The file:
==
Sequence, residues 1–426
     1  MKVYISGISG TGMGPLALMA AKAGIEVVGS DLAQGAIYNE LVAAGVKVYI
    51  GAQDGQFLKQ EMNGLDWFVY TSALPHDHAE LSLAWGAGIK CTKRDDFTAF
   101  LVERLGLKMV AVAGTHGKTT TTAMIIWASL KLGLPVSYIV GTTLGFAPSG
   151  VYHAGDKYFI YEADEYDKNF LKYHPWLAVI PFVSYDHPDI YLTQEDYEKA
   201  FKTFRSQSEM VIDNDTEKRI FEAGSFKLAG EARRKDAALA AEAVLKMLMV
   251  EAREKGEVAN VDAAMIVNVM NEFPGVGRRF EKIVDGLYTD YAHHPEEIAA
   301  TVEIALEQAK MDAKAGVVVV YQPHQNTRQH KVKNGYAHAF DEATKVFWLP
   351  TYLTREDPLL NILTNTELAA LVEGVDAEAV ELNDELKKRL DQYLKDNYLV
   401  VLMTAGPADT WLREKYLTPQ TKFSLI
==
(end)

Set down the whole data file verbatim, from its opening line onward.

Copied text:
Sequence, residues 1–426
     1  MKVYISGISG TGMGPLALMA AKAGIEVVGS DLAQGAIYNE LVAAGVKVYI
    51  GAQDGQFLKQ EMNGLDWFVY TSALPHDHAE LSLAWGAGIK CTKRDDFTAF
   101  LVERLGLKMV AVAGTHGKTT TTAMIIWASL KLGLPVSYIV GTTLGFAPSG
   151  VYHAGDKYFI YEADEYDKNF LKYHPWLAVI PFVSYDHPDI YLTQEDYEKA
   201  FKTFRSQSEM VIDNDTEKRI FEAGSFKLAG EARRKDAALA AEAVLKMLMV
   251  EAREKGEVAN VDAAMIVNVM NEFPGVGRRF EKIVDGLYTD YAHHPEEIAA
   301  TVEIALEQAK MDAKAGVVVV YQPHQNTRQH KVKNGYAHAF DEATKVFWLP
   351  TYLTREDPLL NILTNTELAA LVEGVDAEAV ELNDELKKRL DQYLKDNYLV
   401  VLMTAGPADT WLREKYLTPQ TKFSLI